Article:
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Florida, N. Hampshire races cap primaries

Voting held in 12 states and D.C. on 'Super Tuesday'


By John Mercurio
CNN Washington Bureau

WASHINGTON (CNN) -- Janet Reno is internationally recognized and a former U.S. attorney general and one-time guest of Saturday Night Live, but she's now struggling to win the Democratic primary nod to challenge President Bush's brother, Florida Gov. Jeb Bush.

In New Hampshire, U.S. Sen. Bob Smith will learn whether Republicans have forgiven him for bolting the party and calling the GOP a "fraud."

Mayor Anthony Williams restored Washington's fiscal dignity, but he now faces a humiliating write-in bid for a second term.

And no one's missing the irony in North Carolina, where Bill Clinton's top aide during the Monica Lewinsky saga is favored in a potentially close race for the Democratic nod to succeed the legendary Clinton critic, Republican Sen. Jesse Helms.

All of this happens Tuesday,the so-called "Super Tuesday" of primaries for the 2002 election cycle.

Voters in Miami, Florida, will decide whether to repeal a measure protecting homosexuals from discrimination. CNN's John Zarrella reports (September 10)

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Smith, Sununu face off in N. Hampshire GOP senate race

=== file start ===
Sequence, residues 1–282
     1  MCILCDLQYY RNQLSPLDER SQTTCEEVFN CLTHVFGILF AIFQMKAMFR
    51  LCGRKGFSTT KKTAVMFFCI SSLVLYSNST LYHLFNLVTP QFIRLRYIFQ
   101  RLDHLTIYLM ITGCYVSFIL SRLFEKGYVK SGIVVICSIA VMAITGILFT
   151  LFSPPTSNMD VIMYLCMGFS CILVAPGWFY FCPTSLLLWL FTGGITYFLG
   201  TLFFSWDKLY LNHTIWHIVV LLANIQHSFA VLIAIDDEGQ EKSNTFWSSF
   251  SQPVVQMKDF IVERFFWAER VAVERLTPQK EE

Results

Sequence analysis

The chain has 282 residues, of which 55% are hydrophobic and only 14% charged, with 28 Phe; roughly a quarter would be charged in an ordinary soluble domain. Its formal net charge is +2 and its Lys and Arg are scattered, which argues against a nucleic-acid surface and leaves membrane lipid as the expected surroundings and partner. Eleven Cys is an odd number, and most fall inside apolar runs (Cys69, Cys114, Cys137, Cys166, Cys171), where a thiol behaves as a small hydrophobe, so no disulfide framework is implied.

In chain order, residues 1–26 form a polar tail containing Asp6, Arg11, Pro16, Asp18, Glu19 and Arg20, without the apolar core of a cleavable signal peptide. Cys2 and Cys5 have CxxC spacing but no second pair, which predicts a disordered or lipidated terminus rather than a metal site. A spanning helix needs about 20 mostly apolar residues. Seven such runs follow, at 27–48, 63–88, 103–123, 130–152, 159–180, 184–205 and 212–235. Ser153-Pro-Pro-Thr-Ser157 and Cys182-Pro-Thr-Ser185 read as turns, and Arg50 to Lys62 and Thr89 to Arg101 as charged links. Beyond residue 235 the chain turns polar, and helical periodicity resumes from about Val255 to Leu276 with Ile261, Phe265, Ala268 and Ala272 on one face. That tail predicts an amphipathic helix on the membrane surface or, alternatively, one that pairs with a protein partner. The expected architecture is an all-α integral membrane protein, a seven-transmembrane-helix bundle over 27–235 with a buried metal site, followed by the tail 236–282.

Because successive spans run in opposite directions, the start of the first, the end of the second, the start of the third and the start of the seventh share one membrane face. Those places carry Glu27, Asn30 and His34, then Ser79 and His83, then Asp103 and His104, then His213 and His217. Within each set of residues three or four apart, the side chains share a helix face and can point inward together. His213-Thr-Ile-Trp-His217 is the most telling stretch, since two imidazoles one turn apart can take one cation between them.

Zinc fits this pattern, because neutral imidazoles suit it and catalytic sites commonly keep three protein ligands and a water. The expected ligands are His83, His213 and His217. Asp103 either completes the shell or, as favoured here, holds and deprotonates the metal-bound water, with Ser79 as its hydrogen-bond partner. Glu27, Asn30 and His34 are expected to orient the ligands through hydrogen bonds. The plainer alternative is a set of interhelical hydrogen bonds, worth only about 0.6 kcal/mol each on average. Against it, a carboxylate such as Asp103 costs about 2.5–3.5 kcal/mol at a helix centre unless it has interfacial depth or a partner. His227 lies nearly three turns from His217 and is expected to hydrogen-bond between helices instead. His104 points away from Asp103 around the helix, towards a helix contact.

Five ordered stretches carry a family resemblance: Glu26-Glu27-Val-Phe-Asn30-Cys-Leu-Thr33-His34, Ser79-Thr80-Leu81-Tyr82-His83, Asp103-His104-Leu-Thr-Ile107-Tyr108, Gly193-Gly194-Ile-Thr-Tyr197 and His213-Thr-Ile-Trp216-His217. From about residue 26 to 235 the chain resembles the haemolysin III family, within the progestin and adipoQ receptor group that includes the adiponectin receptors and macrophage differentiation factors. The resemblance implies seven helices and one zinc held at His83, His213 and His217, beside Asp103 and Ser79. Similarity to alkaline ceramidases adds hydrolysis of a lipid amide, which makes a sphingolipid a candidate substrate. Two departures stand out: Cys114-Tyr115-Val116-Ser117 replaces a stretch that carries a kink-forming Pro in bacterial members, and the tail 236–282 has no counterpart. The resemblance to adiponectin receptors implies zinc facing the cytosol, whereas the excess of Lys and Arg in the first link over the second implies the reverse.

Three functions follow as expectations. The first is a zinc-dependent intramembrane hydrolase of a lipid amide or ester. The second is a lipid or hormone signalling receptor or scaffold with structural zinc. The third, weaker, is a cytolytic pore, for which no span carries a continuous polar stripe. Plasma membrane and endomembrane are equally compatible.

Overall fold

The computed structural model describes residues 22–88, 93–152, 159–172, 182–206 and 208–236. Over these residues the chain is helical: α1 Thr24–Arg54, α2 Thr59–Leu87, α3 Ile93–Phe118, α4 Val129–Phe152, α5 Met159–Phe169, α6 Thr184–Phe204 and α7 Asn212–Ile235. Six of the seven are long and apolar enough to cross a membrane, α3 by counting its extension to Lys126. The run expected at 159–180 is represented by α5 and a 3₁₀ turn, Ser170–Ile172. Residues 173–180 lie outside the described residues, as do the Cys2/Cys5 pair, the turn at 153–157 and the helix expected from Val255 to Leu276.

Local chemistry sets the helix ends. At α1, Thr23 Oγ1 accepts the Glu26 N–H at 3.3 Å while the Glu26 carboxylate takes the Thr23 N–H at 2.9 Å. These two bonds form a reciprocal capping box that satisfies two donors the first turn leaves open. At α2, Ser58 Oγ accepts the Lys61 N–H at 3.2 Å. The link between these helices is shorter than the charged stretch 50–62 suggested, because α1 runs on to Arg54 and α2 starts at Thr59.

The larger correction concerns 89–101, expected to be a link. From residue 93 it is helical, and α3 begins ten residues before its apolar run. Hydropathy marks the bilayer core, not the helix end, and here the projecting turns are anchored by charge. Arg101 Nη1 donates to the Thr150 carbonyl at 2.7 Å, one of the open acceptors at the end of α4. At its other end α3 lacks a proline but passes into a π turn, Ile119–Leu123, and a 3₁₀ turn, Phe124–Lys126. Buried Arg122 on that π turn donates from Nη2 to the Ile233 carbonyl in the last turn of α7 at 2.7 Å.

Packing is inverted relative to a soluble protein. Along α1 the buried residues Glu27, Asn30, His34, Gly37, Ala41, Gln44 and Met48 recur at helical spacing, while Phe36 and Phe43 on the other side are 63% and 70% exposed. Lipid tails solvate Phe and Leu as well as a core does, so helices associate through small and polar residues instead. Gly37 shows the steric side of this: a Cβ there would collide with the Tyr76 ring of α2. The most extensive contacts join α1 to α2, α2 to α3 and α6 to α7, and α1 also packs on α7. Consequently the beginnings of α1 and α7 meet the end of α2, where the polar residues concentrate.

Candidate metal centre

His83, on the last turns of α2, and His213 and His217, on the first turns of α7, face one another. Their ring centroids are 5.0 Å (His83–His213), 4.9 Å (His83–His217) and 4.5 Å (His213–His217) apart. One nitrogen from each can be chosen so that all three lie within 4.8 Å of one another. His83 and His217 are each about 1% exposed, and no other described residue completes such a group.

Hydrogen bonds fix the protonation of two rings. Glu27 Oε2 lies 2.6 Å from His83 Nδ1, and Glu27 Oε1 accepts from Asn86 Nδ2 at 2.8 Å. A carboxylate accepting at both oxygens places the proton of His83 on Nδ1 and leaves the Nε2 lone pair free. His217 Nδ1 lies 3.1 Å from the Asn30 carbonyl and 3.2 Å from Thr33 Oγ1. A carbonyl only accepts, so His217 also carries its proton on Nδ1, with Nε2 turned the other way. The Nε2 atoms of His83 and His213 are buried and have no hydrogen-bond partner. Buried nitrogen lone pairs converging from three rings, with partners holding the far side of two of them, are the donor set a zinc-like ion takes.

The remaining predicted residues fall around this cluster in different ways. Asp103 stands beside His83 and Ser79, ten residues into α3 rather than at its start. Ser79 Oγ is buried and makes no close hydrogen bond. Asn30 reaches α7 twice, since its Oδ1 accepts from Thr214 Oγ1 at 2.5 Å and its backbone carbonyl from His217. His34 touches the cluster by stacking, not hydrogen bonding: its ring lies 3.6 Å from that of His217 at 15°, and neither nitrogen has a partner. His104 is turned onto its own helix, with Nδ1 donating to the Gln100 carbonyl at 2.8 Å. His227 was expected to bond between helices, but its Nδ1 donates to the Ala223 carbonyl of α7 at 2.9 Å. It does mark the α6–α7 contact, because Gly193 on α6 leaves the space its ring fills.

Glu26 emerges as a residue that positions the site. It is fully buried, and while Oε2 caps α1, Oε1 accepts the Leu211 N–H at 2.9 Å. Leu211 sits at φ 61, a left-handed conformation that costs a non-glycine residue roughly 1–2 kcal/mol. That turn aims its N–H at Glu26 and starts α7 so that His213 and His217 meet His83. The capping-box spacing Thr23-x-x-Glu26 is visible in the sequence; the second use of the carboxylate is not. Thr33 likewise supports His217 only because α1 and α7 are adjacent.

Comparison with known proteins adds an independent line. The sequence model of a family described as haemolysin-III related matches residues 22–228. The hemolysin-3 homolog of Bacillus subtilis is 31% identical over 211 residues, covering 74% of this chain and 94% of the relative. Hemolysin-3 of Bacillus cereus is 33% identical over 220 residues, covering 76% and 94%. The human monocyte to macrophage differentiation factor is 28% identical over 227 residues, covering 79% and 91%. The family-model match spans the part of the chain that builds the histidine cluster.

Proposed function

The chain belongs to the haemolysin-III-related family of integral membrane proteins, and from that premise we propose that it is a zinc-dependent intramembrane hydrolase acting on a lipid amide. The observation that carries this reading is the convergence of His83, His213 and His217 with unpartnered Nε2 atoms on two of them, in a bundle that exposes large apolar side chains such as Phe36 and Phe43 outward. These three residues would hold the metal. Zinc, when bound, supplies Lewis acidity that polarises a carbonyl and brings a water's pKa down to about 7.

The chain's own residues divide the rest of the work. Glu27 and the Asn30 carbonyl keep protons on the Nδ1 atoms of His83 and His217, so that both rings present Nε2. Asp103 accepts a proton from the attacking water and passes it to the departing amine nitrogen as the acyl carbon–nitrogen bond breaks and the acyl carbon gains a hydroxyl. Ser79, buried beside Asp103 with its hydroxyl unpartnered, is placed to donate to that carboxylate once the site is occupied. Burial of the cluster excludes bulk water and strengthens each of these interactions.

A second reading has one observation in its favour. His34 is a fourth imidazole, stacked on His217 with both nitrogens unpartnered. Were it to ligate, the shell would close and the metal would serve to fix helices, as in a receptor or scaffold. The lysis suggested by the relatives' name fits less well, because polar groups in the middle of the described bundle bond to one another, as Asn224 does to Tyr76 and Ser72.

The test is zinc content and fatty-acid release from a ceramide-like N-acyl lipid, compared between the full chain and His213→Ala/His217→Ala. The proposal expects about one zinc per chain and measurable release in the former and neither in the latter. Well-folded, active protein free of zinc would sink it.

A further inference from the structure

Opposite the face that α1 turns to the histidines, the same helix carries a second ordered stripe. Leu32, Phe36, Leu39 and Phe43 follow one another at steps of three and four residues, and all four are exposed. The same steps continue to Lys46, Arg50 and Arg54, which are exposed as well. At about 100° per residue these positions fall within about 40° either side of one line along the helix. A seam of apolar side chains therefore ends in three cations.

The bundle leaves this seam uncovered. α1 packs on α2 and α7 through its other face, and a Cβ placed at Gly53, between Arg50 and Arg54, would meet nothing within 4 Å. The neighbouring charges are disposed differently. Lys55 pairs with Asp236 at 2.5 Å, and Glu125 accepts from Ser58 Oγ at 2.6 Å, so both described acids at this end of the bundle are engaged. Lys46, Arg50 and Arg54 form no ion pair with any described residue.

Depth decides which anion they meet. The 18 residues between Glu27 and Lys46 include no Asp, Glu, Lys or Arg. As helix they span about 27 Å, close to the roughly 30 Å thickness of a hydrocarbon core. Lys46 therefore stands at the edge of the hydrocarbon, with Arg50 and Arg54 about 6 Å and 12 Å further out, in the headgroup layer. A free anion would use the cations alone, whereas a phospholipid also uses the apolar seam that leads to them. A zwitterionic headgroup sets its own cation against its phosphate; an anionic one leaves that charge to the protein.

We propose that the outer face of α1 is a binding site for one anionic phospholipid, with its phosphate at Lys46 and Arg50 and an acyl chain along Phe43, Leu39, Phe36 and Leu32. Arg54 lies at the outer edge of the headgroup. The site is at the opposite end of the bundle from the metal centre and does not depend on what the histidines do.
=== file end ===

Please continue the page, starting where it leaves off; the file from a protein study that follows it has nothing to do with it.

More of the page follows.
Primaries will take place in 12 states and Washington, D.C. Voters will nominate candidates in 10 gubernatorial races and four Senate races, several of which are among the most closely watched in the country this year.

In Florida, the Democratic race for governor has boiled down to a face-off between Reno and Tampa attorney Bill McBride, a political newcomer who nonetheless has drawn key labor endorsements.

Reno has seen her sizable lead in the Democratic field disappear; she is now locked in a dead heat with McBride, whom polls show would pose a more serious threat to Bush. State senator Daryl Jones trails in polls and fund raising.

Bush, whose own polls show McBride ahead, has taken a page from California's Democratic Gov. Gray Davis and has launched a big TV ad campaign against McBride.

Nonetheless, Bush has significant leads over both Reno and McBride in head-to-head matchups. He sits atop a formidable war chest and can surely call upon his brother for help if needed.


New Hampshire Republicans, scorned by two-term incumbent Smith, are sharply divided over whether to reward him with another nomination or switch horses and back U.S. Rep. John Sununu.

Smith bolted the GOP in 1999 in a futile effort to revive his presidential bid and took to the Senate floor to denounce the Republican Party.

"Republicans' commitment to gun rights and to the rights of the unborn is a fraud and everyone knows it," he told his colleagues during a 50-minute floor speech.

Smith returned to the GOP, but only after Senate Environment and Public Works Chairman John Chafee died in October 1999 and Smith was in line to take the committee gavel.

Sununu, son and namesake of the former New Hampshire governor and chief of staff to the first President Bush, is running a strong race, and polls show he poses a greater threat to the likely Democratic nominee, Gov. Jeanne Shaheen, who ranks on several Democrats' short list of VP prospects.